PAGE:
The Lives of Colonial Objects
Edited by Annabel Cooper, Lachy Paterson and Angela Wanhalla.
Otago University Press
Review nā Adrienne Rewi
When I read about the tāniko slippers now in the Auckland War Memorial Museum, I think of growing up in a family of makers – knitters, embroiderers, quilters, woodworkers and model-makers – whānau who unwittingly entwined something of their personal lives and circumstances into their craft.
This is what The Lives of Colonial Objects is all about – a collection of beautifully photographed museum objects, and the intimate tales of their making. It’s the way history should be approached – unfolded, revealed, inspected, and deliberated upon through the accessible, everyday objects made by the ordinary people of their time.
There’s a chapter for every object, written by historians, archivists, curators, and Māori scholars. They look into the “lives” of treasured family possessions such as family diaries, a cherished kahu kiwi, a music album, Katherine Mansfield’s hei tiki, a stamp collection, and of course, those fabulous tāniko slippers.
The slippers were owned by the celebrated Muaūpoko leader, Te Keepa Te Rangihiwinui, or Major Kemp as he was commonly known, rangatira of Pūtiki Marae, Whanganui. Major Kemp excelled and was greatly respected in both the Māori and Pākehā worlds, and his tāniko slippers – their making explained in detail by writers Chanel Clarke and Catherine Smith – mark him out as a man of style and good taste.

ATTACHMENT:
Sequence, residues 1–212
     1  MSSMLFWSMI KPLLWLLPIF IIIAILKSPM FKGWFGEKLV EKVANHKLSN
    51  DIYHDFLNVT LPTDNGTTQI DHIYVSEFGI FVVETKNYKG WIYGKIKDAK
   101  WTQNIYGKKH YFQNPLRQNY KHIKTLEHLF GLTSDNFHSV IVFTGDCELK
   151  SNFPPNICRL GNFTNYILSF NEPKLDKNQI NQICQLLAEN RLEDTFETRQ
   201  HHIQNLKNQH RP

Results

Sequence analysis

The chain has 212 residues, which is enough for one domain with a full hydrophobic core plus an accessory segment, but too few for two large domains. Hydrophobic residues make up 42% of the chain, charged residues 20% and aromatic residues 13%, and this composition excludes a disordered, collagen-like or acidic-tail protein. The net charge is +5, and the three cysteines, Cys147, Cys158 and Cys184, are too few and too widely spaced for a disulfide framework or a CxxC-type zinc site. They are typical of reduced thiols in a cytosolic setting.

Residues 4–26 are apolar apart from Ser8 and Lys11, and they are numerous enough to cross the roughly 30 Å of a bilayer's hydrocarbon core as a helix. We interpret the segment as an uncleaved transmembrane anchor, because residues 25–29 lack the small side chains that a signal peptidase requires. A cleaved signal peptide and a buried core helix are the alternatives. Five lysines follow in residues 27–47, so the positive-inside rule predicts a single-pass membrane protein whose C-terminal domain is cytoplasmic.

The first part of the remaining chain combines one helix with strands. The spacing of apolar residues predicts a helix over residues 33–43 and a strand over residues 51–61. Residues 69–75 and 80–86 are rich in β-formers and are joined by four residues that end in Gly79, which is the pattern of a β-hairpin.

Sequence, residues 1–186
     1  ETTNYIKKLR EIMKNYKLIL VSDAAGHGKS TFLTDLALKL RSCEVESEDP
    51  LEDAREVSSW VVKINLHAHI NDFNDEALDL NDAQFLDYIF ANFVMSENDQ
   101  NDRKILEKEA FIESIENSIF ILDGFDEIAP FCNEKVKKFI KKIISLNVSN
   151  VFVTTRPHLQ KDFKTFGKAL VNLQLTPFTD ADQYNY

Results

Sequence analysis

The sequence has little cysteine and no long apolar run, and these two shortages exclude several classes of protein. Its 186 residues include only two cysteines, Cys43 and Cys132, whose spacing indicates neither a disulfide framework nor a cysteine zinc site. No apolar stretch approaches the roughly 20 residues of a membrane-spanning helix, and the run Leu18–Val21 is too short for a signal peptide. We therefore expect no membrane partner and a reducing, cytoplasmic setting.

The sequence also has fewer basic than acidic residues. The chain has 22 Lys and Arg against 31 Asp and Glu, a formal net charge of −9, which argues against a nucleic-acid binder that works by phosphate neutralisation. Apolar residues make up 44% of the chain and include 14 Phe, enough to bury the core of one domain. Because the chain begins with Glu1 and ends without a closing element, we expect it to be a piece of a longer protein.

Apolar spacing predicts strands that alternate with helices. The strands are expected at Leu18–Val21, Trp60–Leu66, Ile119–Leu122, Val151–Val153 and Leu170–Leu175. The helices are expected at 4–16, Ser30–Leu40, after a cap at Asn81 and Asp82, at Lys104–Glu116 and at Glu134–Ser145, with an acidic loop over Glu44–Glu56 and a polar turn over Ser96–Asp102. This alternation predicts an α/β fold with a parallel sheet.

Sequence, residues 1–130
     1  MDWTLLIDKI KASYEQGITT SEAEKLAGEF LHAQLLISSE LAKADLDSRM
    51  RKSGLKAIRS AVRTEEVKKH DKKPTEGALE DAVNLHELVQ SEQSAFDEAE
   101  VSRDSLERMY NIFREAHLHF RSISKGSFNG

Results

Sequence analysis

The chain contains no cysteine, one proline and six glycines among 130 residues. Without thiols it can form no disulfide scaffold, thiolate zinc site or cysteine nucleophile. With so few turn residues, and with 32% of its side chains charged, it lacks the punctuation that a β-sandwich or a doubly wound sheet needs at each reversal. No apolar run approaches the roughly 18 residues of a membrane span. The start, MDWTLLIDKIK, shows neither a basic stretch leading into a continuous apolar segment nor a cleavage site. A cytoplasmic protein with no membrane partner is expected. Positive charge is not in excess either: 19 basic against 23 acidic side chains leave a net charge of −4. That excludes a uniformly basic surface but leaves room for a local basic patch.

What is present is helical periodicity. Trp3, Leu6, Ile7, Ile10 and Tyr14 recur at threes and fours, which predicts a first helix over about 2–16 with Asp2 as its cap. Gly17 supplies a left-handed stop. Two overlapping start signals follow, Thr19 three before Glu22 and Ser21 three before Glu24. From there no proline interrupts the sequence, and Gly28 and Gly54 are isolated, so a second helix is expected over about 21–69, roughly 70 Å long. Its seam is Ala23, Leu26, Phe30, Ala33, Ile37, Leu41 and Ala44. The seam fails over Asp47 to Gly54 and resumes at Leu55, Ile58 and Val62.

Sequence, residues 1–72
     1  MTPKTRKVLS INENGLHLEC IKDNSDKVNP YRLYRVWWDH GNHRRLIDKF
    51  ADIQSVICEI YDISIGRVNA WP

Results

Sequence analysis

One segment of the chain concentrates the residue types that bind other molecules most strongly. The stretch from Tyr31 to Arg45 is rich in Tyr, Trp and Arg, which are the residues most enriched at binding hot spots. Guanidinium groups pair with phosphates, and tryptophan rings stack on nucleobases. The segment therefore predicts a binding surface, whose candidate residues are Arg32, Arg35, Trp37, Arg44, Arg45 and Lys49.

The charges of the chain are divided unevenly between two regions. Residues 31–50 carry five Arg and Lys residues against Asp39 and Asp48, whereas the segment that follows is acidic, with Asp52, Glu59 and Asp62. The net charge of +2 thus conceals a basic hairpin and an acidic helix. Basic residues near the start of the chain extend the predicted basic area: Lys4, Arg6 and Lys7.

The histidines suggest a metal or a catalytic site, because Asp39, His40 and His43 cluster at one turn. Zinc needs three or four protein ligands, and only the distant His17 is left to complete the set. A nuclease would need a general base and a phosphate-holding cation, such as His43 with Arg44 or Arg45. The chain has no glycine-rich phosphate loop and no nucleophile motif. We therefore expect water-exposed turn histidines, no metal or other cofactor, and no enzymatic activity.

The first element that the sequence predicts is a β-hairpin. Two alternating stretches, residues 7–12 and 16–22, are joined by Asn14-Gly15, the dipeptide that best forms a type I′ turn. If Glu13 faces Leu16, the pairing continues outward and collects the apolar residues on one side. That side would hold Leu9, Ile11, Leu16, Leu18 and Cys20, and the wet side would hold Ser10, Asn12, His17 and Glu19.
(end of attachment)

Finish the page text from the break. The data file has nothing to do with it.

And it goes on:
When he died in 1898, his only daughter, Wikitōria, inherited most of his estate. She gave his tāniko slippers to her father’s great friend, John Roderick McDonald, one of the largest Pākehā landholders in the Horowhenua district. He spoke fluent Māori and was both “a great supporter of the Māori race” and a keen purchaser of Māori land. McDonald’s granddaughters recently gave the slippers to the Auckland War Memorial Museum.
There’s another fascinating tale about the Weller brothers’ medicine chest (Otago Peninsula Museum), written by Jonathan West. The brothers, sons of a wealthy English family, founded a variety of business interests. West relates the tale of Octavius Harwood, a clerk for the brothers’ Ōtākou whaling station, who became the “makeshift physician” to the station Dr Joseph Cochrane, the only doctor in Te Waipounamu, was assaulted.
Four Kāi Tahu villages lay close to the whaling station in the late 1830s, and Harwood had an important role in brokering relationships with those communities. He traded with Kāi Tahu leaders, employed Kāi Tahu as whalers, and in 1839, he married Tītapu, the daughter of Kāi Tahu rangatira, Pokene.